Your partner in life. This is probably your most important decision. Use your head wisely. And your heart.

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Tip 40. “Your partner in life. This is probably your most important decision. Use your head wisely. And your heart.”

I choose to publish Tip 40 today because on this day my wife and I are celebrating our 20th wedding anniversary.

We have been happily married for these two decades and we have two wonderful kids.I will not claim to have any measure of authority in advising on how to choose one’s partner for life, nor how to nurture and nourish the relationship.

This is one of the decision’s where we have some control over, and this decision is highly consequential for our lives. It would not be uncontroversial to say that one must follow one’s heart (yes, it is about love!), but one also must use one’s head to ensure that decision is sustainable over the longer-term (and yes, it is about sustainability!) – this should not be an impulsive decision but one which needs to be deliberated over, preferably with people you trust.

Putting emotional, physical and personality considerations, it is really important to take into account shared values – this will define the culture and the “background of relatedness” of the family or partnership. This is especially so if both partners come from different cultures, religion or countries.  

The institution of marriage, and the legal, cultural, and ritualistic obligations placed on it has endured over several millenniums, but its practices and norms have evolved according to the unfolding of human history. They have been influenced by advances in science (for example birth control), new thinking and attitudes in religious mores, and ever-changing political and societal contexts with particular reference to gender roles. Suffice to say, the underlying human nature of the need to belong to a social unit that is larger than self has not diminished.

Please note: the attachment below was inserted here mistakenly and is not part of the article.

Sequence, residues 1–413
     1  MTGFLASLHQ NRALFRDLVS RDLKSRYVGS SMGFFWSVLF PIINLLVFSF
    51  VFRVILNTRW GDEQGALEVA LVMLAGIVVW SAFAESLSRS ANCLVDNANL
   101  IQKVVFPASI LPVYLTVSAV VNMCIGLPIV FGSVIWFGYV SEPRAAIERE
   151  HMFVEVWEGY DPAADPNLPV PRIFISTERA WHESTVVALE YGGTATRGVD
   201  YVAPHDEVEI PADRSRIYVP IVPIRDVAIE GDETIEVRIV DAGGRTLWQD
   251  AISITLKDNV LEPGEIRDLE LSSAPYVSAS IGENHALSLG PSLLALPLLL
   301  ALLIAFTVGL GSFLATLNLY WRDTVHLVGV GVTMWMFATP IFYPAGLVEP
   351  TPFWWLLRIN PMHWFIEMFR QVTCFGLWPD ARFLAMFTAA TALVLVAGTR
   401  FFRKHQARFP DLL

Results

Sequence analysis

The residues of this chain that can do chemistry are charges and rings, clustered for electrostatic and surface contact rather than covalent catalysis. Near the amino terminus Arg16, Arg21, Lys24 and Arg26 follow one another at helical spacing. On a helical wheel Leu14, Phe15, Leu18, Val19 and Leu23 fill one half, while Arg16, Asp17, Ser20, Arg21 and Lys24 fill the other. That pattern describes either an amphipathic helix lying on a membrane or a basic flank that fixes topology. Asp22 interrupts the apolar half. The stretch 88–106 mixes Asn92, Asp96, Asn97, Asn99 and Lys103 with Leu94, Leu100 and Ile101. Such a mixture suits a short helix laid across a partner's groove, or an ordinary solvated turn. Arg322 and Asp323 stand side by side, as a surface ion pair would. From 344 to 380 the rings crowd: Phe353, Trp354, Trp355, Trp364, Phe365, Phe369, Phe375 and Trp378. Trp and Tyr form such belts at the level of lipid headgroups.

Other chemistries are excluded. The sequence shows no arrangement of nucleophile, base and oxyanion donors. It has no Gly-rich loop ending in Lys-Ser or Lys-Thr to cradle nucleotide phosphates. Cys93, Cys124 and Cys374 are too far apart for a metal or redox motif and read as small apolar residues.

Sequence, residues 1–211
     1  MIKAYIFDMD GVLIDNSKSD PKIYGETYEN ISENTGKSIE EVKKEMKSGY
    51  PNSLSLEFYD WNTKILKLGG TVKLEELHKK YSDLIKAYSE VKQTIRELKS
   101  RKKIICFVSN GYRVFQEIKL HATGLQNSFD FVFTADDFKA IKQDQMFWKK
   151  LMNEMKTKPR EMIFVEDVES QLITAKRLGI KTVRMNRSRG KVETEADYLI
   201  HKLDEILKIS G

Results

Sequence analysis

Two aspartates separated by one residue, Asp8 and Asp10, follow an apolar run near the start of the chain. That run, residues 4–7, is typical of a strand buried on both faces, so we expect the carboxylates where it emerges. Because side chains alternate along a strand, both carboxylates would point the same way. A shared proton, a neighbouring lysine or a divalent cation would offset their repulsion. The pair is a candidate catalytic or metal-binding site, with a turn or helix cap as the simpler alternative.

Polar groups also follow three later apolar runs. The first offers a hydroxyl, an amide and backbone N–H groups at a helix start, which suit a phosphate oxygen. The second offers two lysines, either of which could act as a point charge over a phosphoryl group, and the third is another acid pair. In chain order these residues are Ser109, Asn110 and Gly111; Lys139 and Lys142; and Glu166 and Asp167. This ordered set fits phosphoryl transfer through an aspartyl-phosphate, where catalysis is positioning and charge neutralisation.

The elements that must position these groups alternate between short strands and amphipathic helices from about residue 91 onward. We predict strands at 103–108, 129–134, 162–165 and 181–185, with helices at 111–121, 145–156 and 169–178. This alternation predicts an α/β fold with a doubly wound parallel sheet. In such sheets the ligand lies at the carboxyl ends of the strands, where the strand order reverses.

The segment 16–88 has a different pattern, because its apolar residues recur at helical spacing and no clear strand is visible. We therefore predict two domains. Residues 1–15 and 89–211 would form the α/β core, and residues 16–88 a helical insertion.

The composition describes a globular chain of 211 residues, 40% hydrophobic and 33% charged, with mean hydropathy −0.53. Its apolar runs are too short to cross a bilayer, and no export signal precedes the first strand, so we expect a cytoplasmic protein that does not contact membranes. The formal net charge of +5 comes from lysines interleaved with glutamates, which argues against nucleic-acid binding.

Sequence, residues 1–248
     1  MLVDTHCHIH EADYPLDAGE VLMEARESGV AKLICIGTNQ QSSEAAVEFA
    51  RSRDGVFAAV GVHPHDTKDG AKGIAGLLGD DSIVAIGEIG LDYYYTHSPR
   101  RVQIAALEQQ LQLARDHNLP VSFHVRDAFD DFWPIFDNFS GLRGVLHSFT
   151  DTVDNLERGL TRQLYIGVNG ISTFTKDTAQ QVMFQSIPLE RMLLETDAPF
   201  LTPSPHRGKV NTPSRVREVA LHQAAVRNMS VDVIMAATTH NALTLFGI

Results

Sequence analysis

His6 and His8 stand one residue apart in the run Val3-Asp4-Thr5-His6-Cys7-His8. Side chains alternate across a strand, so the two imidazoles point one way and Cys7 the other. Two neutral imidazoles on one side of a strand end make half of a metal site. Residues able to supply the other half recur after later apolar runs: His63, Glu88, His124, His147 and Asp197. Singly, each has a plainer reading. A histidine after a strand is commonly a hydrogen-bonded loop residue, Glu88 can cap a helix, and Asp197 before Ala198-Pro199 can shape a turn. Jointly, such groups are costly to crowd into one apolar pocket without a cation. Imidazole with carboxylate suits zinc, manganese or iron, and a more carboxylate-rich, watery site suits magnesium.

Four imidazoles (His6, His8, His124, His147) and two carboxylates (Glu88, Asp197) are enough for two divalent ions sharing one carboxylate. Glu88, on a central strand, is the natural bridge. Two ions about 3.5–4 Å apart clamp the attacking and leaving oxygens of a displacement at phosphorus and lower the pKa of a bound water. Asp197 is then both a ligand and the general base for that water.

I speak to a wide diverse range of cultures in this blog, and I hope it would not be controversial to say that long term commitment and mutual obligations and reciprocity as evidenced in marriages and families are seen as a source of  security and joy in most societies.

From my Chinese and Confucian context, informed by a Western liberal outlook, our family and our children are a source of joy and happiness. It carries with it challenges, responsibility and obligations. The wider family network provides a sense of continuity and security.  Temporary relationships as we saw in decades that followed the sexual revolution in the 1960s have not provided a sustainable and secured basis for long term positive outcomes. The short-term maximisation of pleasure and convenience does not always lead to sustainable and happy outcomes in the long term. It is a tragedy of the time horizon of sorts. Most psychologists would argue that having a long-term partner and family as one requirement of a full and abundant life.

However, see below a variation of this from Management thinker Manfred Kets de Vries – who offers a different alternative of a choice between a partner and a career – published only two weeks ago in the Financial Times.

So for me, Tip 41 remains follow your heart but use your head wisely. And in pursuit – show your personality!

Image from Financial Times

Management thinker Manfred Kets de Vries on the secrets of staying grounded at the top

  1. In the first place, it has to do with belonging, having good friends and family members. That’s the most important thing.
  1. The second thing is having some purpose in life. I have a little purpose, I want to make a better world by helping some executives.